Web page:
Families with mixed legal status–such as the Jaramillos–are one of many complications created by the nation’s broken immigration policies that fuel divisive debate over reform, say researchers at the Pew Hispanic Center, a nonpartisan research center in Washington D.C.
And anti-immigration advocates aren’t waiting for President Barack Obama’s promised overhaul.
Local supporters are collecting signatures for a proposed California initiative that would require that birth certificates be stamped “foreign” for U.S.-born children of undocumented immigrants–a tactic designed to limit the state benefits they receive.
They want it on the ballot next year.
The proposed measure is hailed by supporters as a way to rein in state spending by discouraging immigrants from having what they dub “anchor babies,” a derogatory term for U.S.-born children of undocumented immigrants that give the family a foothold in the country.
Opponents call the initiative xenophobic and racist.
Access to services
Undocumented immigrants can receive assistance for their U.S.-born, dependent children, even though they themselves do not qualify for these programs.
The proposed initiative would change that.
Only qualifying participants would be able to claim benefits for their children. So the U.S.-born children of undocumented immigrants, while citizens, would no longer qualify for social services.
If passed, the proposed initiative would:
Eliminate cash assistance through CalWORKs, a state welfare program for needy California families.
Require that parents sign an affidavit declaring their U.S. citizenship or lawful presence in the country.
Compel counties to issue two types of birth certificates.
Here’s how it would work:
Before receiving a U.S. birth certificate for her child, a non-citizen would be required to submit an affidavit declaring her lawful presence in the country. She would also have to declare her country of origin, means of financial support, and provide a photo and fingerprint, along with $75.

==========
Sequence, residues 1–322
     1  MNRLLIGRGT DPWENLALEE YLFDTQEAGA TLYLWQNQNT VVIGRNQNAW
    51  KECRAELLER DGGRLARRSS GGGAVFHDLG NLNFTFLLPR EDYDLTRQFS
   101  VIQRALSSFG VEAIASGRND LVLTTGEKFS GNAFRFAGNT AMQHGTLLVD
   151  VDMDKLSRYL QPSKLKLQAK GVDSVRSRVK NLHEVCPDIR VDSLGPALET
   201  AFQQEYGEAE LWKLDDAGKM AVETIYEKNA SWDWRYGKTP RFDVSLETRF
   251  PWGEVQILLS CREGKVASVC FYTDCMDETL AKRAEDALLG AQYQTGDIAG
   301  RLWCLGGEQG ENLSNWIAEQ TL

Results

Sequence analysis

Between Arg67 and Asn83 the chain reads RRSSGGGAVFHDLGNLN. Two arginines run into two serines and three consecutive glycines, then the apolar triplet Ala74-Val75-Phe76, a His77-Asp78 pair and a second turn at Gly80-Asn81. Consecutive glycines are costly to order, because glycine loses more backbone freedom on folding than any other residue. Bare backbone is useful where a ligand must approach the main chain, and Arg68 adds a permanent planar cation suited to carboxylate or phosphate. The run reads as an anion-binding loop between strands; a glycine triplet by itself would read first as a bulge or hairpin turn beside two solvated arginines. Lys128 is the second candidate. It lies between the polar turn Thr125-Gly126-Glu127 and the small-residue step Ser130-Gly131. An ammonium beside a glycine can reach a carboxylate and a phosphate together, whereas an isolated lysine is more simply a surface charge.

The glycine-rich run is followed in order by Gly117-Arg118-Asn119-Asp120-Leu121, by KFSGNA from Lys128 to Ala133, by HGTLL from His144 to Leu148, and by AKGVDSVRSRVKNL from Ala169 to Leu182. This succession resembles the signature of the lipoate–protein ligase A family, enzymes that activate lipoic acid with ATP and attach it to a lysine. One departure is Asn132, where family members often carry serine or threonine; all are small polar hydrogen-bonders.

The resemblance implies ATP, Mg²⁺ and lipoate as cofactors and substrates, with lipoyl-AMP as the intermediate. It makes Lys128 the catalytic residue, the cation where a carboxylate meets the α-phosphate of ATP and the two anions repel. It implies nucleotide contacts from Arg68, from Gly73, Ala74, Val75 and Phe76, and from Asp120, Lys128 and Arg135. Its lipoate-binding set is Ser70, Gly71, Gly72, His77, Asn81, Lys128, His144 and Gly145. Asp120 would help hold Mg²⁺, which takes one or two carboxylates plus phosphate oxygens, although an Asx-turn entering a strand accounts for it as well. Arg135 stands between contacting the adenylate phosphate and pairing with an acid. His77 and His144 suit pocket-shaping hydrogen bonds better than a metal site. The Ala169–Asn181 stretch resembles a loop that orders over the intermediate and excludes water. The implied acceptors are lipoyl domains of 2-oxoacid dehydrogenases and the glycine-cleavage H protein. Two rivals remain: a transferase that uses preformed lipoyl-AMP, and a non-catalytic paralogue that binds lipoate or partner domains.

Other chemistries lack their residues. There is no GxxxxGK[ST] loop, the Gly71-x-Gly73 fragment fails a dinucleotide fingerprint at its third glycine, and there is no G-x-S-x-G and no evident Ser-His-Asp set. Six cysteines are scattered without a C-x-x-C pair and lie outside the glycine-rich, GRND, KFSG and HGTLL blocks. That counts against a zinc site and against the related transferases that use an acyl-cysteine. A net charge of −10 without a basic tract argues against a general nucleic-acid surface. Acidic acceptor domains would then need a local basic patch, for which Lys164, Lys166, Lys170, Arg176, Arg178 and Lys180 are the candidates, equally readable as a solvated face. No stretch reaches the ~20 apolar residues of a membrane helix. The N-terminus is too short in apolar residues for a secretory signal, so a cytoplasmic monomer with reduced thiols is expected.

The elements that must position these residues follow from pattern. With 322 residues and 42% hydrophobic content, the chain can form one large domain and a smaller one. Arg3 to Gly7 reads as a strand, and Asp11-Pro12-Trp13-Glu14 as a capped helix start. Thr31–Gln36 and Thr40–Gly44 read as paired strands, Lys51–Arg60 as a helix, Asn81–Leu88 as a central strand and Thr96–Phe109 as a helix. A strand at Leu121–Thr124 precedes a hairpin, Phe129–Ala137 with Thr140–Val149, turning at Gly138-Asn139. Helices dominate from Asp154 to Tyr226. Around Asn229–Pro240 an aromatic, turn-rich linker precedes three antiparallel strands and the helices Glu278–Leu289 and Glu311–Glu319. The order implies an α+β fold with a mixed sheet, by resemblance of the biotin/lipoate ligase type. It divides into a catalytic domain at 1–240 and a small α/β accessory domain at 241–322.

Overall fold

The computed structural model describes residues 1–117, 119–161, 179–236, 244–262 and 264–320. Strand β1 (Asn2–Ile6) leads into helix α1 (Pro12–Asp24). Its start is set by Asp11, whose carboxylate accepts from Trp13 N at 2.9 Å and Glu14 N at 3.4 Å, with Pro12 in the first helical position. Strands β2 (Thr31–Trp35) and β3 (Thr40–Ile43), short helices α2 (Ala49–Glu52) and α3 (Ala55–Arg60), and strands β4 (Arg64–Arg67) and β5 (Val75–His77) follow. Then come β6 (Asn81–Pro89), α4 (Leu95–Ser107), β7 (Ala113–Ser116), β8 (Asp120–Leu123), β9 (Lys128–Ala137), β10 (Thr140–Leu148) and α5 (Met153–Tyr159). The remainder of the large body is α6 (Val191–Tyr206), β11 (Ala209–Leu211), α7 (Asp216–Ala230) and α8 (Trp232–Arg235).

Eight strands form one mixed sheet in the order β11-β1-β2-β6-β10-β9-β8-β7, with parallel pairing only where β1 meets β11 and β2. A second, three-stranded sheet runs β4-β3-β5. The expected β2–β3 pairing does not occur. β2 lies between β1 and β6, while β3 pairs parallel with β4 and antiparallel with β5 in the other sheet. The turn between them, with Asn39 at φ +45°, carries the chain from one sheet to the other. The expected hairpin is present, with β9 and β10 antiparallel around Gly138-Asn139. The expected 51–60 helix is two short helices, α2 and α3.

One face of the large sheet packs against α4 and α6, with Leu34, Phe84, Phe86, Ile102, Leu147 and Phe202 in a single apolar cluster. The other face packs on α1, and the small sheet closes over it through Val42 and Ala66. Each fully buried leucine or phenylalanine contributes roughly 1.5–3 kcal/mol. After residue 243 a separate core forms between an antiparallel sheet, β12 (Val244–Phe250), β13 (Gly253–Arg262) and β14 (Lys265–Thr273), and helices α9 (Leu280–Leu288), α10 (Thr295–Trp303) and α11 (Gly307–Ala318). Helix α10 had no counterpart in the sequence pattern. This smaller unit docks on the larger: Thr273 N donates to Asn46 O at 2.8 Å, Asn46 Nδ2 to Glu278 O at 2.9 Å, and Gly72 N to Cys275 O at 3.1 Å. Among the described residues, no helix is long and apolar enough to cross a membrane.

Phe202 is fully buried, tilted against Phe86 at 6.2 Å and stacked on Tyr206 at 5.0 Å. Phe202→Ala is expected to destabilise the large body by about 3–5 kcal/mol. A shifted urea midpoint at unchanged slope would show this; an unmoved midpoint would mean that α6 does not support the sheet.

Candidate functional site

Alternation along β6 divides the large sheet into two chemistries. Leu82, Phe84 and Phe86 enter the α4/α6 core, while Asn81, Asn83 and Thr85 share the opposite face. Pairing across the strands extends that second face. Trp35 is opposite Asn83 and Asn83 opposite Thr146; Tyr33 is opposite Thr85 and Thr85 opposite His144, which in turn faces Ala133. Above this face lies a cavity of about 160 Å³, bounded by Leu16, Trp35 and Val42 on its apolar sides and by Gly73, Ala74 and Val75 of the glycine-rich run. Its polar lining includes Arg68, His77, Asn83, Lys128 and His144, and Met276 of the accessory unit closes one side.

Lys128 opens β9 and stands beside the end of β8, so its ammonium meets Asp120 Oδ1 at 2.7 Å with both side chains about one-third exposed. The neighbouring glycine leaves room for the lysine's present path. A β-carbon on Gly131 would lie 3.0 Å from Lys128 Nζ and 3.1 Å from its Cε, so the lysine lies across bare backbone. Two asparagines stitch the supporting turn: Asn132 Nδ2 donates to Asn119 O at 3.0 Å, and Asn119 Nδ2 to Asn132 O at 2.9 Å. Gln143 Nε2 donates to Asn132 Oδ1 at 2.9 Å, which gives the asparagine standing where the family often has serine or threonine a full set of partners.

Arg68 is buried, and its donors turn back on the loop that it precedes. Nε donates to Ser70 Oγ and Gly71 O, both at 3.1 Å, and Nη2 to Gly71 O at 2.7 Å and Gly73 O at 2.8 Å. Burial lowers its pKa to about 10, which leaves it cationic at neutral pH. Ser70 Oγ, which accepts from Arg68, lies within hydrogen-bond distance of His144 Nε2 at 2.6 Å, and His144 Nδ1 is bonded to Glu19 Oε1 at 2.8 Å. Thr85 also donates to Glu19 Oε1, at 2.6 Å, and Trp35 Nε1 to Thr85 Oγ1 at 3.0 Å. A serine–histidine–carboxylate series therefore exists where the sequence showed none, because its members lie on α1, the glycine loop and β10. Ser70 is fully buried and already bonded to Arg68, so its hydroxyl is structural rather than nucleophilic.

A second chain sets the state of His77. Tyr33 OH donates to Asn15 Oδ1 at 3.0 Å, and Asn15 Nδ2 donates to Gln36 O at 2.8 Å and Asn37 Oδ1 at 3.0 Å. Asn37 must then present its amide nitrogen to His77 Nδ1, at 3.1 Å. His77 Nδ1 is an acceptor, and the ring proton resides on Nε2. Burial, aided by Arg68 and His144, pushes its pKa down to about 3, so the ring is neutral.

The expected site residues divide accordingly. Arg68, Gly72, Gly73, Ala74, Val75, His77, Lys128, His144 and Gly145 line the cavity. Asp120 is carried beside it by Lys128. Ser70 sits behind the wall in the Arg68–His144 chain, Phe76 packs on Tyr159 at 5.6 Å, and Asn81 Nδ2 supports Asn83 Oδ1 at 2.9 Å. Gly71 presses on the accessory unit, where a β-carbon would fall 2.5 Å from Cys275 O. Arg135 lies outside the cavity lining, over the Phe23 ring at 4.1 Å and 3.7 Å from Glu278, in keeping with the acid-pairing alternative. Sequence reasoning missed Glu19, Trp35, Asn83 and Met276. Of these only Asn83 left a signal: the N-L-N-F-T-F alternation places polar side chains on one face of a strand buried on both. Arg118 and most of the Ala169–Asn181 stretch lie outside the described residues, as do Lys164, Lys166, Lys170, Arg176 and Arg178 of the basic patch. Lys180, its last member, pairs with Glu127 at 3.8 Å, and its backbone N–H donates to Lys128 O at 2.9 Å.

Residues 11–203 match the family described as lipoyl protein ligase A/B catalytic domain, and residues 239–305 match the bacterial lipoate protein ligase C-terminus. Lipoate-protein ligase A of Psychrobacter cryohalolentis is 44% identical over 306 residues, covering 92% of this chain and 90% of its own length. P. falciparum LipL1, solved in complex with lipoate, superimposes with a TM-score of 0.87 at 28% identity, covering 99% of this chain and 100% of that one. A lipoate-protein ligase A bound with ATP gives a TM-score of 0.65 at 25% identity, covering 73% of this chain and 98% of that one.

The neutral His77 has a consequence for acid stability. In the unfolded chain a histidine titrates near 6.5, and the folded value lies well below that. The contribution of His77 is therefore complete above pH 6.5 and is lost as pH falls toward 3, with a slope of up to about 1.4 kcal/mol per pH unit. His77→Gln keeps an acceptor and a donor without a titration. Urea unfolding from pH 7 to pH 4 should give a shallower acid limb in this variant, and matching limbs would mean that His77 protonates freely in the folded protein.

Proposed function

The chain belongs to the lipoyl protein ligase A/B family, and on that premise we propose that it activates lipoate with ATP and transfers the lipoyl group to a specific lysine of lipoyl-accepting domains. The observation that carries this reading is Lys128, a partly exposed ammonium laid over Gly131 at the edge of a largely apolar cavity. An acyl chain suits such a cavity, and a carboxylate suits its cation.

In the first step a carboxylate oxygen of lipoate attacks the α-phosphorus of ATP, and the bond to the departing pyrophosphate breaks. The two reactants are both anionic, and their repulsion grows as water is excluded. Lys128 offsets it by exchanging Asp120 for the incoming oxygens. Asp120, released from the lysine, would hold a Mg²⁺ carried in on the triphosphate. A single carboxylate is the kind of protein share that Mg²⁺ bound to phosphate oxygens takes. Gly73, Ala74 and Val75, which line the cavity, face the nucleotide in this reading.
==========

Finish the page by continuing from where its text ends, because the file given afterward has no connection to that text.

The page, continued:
The child’s birth certificate would then be stamped: “foreign.”
The county would then submit the information to the Department of Homeland Security.
U.S. citizens, too, would be required to submit an affidavit declaring their citizenship.
At this time, U.S. citizens–regardless of their parents’ legal status–are eligible for social services.
Sentiment not new
The measure requires 433,971 signatures to be placed on the June 2009 ballot.
Tight economic times fan an anti-immigrant sentiment, state historians say.
Legal scholars, historians and Hilton expect a legal challenge to this initiative as well.
“I think the initiative goes against the grain of the 14th Amendment and is unconstitutional,” said Armando Navarro, a UC Riverside political science professor.
“It’s a manifestation of the increasing racism that is beginning to again accelerate.”
“We created a window for those crazy right-winger types to come up with this type of initiative because there’s a vacuum.
This proposed initiative would only serve to fan the flames against the undocumented, local advocates say.
Issuing a separate birth certificate, they say, could lead to harassment at best or secondary citizenry at worse.